CPS Immersion Projects take students' service around the world

Each year, the Center for Public Service offers students the opportunity to make a positive impact on a community different from their own through Immersion Projects.

"It is many times an experience that causes changes in commitments, values, and sometimes majors," said Jeff Rioux, Immersion Projects Coordinator at the Gettysburg College Center for Public Service. "When students spend a semester abroad, they report learning more than they do in a typical semester at home. We get the same reports from participants on Immersion Projects, who say that they learned so much more than they expected."

Immersion Projects are off-campus, educational service opportunities at sites in the United States and abroad. Each project offers students the ability to learn more about themselves and the world through engagement in the issues of social justice.

This year, the Center for Public Service has five impressive trips over winter break that will allow students to make a difference:

Voices of Resistance is a new Immersion Experience that will take twelve students to Washington, D.C. They will be immersed in the issues of human rights by working with places such as People's Production House, a journalism training and production institute focused on producing stories that promote unheard voices. Here, students will be trained to use recording devices on their cell phones to gather people's stories and produce pieces for radio or YouTube. These students spent the fall semester discussing issues of race and gender, volunteering with immigrant or migrant families in the Gettysburg community, and have met with the Fall Convocation Speaker Deepa Fernandes, an award-winning journalist who focuses on social justice issues.

A Gettysburg group in SelmaA second Immersion Project will take students to Alabama and engross them in fight for Civil Rights both past and present. Participants will learn about leaders of the Civil Rights Movement and their push for political, social and educational equality. Through their travels to Birmingham, Tuskegee, Montgomery, Selma, and White Hall, students will experience the rich history of the area but also explore the current state of civil rights and witness economic injustice first hand.

The Native American Living project will take students to the San Carlos Apache Reservation in Arizona. In this Immersion Project, students can choose which field of interest they wish to explore with the San Carlos Apaches. Those interested in education will have the opportunity to work with Native American children and see how the schools try to balance state and federal educational goals while also teaching native traditions and history. Students also have the opportunity to examine environmental issues of the area. In years past, participants have worked with San Carlos EPA to take surveys, Recreation and Wildlife Department in counting wildlife, and with the Tribal Archaeologist to collect and move artifacts for future analysis. Students interested in health will have the opportunity to work will health centers and learn about the reservation's problems with diabetes, alcoholism and suicide.

Students in the Community Development project will travel to León, Nicaragua where they will live with Spanish-speaking host families in the communities of León and Matagalpa. They will have the opportunity to work on Project Gettysburg-León sponsored efforts, such as Children's Art School and Teacher Trainings, that are meant to share cultures and support sustainable development. For students in Matagalpa, there is also the chance to learn about fair trade versus free trade in the context of coffee production, distribution, the plight of landless workers, and cooperatives. Through working alongside the people of these communities, participants will experience third-world realities first-hand and participate in community development.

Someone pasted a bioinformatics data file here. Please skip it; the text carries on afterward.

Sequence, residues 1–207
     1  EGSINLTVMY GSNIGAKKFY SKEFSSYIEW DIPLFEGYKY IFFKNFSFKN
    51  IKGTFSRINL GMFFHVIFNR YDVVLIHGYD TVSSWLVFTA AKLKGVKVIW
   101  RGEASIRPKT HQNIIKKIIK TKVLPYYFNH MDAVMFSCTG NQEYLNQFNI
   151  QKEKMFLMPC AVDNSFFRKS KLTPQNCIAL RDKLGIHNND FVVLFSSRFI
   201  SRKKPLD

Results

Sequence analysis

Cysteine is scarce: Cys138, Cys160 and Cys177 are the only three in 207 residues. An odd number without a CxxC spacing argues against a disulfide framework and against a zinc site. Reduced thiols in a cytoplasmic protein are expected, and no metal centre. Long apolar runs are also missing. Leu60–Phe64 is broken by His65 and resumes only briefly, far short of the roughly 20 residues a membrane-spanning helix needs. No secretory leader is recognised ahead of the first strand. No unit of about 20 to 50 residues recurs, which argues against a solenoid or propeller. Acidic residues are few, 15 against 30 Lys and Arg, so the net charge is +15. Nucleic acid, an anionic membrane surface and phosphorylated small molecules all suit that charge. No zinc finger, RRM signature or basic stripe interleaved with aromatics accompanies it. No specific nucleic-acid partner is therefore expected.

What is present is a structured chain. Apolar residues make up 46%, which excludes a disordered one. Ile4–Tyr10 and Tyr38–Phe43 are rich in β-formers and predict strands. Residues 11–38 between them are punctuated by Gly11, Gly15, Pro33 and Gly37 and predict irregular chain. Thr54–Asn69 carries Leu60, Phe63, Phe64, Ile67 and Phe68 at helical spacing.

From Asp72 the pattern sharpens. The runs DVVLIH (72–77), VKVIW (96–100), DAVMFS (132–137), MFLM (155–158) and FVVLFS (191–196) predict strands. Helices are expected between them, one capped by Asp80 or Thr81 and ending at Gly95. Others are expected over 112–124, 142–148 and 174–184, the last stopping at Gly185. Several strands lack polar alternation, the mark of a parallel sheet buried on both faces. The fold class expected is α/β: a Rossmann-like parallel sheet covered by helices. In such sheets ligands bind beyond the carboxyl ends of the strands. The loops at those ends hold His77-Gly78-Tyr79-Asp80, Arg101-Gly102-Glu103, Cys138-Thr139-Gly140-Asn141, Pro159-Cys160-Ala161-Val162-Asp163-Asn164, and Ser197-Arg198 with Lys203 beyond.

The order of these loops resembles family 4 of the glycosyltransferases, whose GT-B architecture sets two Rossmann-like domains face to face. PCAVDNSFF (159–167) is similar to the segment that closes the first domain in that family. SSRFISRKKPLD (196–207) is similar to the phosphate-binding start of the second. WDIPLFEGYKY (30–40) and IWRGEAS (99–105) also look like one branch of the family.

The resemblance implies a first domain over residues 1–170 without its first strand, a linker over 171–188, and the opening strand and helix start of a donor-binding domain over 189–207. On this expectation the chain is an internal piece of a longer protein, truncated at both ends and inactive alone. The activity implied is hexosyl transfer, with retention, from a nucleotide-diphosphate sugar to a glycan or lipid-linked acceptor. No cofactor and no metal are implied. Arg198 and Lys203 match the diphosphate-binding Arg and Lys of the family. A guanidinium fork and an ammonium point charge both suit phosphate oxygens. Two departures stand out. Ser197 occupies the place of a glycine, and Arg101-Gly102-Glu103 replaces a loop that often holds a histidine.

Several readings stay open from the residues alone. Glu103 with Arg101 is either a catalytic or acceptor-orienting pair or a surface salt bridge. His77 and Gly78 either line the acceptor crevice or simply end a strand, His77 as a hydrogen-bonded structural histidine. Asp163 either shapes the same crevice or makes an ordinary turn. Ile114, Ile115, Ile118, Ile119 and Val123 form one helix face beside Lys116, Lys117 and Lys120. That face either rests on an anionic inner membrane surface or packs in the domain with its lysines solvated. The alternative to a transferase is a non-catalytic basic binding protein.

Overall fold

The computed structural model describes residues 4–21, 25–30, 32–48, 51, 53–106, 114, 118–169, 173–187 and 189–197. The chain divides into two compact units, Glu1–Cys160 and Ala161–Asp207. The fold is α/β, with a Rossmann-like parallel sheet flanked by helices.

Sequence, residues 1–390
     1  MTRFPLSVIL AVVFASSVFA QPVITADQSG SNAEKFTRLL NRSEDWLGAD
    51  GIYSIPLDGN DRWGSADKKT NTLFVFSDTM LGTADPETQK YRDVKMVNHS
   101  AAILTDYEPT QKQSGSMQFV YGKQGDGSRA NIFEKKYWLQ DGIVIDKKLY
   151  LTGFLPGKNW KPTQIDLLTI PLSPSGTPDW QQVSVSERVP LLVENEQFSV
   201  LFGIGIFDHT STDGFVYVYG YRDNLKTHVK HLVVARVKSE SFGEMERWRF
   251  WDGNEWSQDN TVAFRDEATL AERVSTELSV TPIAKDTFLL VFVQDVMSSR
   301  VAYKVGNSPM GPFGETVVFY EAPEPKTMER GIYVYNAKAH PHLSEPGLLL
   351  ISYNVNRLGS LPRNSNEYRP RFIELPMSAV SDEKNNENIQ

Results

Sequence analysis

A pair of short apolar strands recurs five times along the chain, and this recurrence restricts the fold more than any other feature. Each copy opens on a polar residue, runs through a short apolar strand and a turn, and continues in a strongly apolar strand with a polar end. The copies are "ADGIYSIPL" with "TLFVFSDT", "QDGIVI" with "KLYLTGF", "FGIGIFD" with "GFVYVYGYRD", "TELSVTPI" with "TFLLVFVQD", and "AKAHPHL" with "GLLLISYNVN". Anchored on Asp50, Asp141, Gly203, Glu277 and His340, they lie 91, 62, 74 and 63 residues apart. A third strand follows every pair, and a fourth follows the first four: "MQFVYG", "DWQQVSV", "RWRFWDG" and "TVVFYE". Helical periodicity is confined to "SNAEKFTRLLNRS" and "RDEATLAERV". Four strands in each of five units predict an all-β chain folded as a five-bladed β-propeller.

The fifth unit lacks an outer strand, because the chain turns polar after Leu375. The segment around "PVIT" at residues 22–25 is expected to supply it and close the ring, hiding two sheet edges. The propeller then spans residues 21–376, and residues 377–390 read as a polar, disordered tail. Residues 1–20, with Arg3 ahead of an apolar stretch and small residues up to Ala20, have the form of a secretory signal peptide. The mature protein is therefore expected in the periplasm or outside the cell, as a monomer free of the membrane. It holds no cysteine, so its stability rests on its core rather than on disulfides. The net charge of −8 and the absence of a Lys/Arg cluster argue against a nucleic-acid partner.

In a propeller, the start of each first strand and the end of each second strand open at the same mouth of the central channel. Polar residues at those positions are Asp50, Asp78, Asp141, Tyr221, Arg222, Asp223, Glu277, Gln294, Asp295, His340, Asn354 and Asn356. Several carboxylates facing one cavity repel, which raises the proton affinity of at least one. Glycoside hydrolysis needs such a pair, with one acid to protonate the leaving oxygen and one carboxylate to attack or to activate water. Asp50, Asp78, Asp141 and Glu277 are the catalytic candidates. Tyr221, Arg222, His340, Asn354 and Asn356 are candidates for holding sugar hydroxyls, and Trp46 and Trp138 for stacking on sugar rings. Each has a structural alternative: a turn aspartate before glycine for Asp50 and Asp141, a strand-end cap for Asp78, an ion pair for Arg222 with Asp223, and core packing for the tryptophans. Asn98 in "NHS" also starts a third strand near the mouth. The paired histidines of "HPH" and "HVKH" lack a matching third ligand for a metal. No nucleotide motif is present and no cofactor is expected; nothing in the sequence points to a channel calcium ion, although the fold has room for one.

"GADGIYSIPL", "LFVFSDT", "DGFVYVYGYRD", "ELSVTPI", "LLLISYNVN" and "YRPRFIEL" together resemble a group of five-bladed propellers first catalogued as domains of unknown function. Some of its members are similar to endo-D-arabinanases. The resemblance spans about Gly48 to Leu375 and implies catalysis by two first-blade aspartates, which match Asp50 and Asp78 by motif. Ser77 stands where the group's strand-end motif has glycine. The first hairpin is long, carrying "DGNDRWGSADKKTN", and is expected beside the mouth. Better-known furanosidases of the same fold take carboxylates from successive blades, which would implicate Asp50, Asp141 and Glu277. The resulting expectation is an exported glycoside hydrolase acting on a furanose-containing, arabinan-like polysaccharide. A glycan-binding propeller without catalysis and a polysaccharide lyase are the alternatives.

A Poverty and Public Policy Immersion Project will take students to Washington, D.C. to learn about and participate in direct service and advocacy work as they assist people who are homeless, hungry, and/or ill. Students will visit and offer aid in places such as the National Coalition for the Homeless, DC Central Kitchen, N Street Village, and Martha's Table. The trip allows participants to witness the realities of poverty and homelessness while also providing a knowledge the support available.

"We know these are eye opening experiences for students. They see poverty and other social injustices that are not often a part of their everyday lives," said Rioux. "But beyond seeing these issues, they also get the chance to engage in dialogue with partners and organizations that are working effectively to eradicate these injustices. That is experience that gives them hope that they can make a difference in the world."

The Center for Public Service engages students, community members, faculty and staff to facilitate partnerships, education, critical thinking and informed action. Through these alliances, we aim to foster social justice by promoting personal, institutional and community change.

Founded in 1832, Gettysburg College is a highly selective four-year residential college of liberal arts and sciences with a strong academic tradition. Alumni include Rhodes Scholars, a Nobel laureate, and other distinguished scholars. The college enrolls 2,600 undergraduate students and is located on a 200-acre campus adjacent to the Gettysburg National Military Park in Pennsylvania.

Article by Lindsay Preucil, communications and marketing intern
Contact: Nikki Rhoads, assistant director of communications, 717.337.6803

Posted: Mon, 19 Dec 2011

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